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Farm Groups Fear Impact of Deportations on Ag Industry

Farmers say consumers will pay more for fruits and vegetables if millions of undocumented workers are deported. (kconnors/morguefile)
Farmers say consumers will pay more for fruits and vegetables if millions of undocumented workers are deported. (kconnors/morguefile)
December 26, 2016

TALLAHASSEE, Fla. -- President-elect Donald Trump campaigned on a promise to deport as many as 11 million undocumented immigrants, a plan that has some farm groups raising a red flag.

According to The American Farm Bureau Federation, about half of all farm workers in this country are undocumented. The group supports a plan to set up a visa program granting workers residency but not citizenship.

Steve Suppan, senior policy analyst at the Institute for Agriculture and Trade Policy, said the Farm Bureau has to walk a fine line because their constituents are largely Republican, and they wouldn't back plans to make farm workers U.S. citizens.

“[There’s] A very small needle that has to be threaded,” Suppan said, "between providing agri-business what it wants and still somehow pretending to keep to the electoral pledge and the general idea of deporting the immigrants who are blamed for the loss of employment."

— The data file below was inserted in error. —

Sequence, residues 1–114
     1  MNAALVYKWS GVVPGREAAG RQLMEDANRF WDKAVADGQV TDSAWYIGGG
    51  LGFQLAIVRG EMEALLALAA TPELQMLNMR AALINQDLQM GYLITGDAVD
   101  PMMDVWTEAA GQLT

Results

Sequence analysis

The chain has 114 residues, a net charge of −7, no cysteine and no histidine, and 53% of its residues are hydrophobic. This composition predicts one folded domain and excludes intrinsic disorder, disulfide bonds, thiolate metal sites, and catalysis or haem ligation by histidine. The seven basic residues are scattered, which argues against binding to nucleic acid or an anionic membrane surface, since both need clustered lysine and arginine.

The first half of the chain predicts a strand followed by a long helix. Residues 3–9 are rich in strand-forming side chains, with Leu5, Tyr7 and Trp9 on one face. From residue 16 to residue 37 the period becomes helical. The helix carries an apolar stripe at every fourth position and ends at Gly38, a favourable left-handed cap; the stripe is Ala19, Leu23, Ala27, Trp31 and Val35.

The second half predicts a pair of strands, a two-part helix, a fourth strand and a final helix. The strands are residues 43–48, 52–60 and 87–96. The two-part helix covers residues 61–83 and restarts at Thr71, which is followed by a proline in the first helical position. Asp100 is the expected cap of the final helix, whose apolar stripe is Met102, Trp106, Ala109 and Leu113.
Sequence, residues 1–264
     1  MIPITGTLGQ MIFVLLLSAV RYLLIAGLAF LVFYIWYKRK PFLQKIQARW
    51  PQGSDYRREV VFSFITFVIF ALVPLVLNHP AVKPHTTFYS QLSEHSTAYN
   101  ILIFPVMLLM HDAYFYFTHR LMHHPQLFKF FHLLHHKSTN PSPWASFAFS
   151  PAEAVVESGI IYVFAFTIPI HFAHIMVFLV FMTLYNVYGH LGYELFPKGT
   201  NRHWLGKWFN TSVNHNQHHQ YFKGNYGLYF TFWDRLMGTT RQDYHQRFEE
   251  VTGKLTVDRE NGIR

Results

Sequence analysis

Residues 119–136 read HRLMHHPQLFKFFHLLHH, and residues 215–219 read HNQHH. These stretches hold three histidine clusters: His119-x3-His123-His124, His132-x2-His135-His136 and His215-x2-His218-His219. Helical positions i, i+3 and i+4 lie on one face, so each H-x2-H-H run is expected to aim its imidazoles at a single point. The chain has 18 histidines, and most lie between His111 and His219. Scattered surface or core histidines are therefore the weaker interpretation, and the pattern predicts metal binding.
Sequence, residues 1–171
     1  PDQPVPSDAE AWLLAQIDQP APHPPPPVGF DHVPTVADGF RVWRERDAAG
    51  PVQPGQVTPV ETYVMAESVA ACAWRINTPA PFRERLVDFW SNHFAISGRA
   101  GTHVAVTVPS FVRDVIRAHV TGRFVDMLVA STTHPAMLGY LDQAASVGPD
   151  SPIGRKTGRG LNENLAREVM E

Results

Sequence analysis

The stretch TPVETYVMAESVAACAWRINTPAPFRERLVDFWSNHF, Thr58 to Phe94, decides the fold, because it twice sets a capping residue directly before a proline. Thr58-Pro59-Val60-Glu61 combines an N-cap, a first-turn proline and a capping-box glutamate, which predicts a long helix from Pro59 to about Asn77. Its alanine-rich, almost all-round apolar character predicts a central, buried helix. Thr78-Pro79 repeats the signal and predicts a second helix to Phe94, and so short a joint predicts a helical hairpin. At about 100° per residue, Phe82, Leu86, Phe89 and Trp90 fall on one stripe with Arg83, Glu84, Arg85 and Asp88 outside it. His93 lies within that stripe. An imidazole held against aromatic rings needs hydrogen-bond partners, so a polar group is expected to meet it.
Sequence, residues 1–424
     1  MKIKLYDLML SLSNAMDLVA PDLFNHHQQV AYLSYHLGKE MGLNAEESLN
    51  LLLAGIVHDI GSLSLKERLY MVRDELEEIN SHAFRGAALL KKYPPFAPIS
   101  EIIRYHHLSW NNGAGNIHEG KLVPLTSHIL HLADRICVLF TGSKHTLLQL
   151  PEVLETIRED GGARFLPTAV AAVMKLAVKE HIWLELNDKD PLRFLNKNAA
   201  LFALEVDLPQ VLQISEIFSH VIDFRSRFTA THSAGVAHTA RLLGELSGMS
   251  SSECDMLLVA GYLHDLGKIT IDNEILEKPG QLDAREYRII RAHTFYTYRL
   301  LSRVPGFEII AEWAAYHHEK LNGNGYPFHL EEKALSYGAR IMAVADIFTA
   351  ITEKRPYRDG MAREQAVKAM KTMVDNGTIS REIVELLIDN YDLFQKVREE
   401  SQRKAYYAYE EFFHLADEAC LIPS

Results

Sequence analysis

The American Farm Bureau has called for immigration reform, saying there needs to be a new, more flexible visa program that meets the needs of farmers and workers, but at the same time guarantees that the agricultural workforce is not subjected to mass deportation.

Suppan said the industry depends on minimum wage or, in some cases, less than minimum wage labor, but he expects there will be some deportations under a Trump administration.

"There are going to be, definitely, some fairly spectacular roundups, at least of the type that will show, you know, 'victory for America,' the immigrant-deportation variation of the Carrier saving 700 jobs,” he said. "So I expect to see a fair amount of public-relations outreach concerning migrants."

To the argument that immigrants are taking Americans' jobs, Suppan said legal citizens haven't wanted to work in the industry - especially for the wages currently being offered, which, according to the USDA, is on average $10.80 an hour, and even less for undocumented workers.

"Let's say you take the average wage up to an average of $15 an hour, and you include benefits,” Suppan said. "That changes the pricing structure of agriculture, and then becomes questionable whether, for example, the confined animal feed operation business model is viable."

Some farmers say Trump's plan would lead to higher prices for fruits, veggies, dairy and meat.

More information is available at iatp.org.

Mona Shand, Public News Service - FL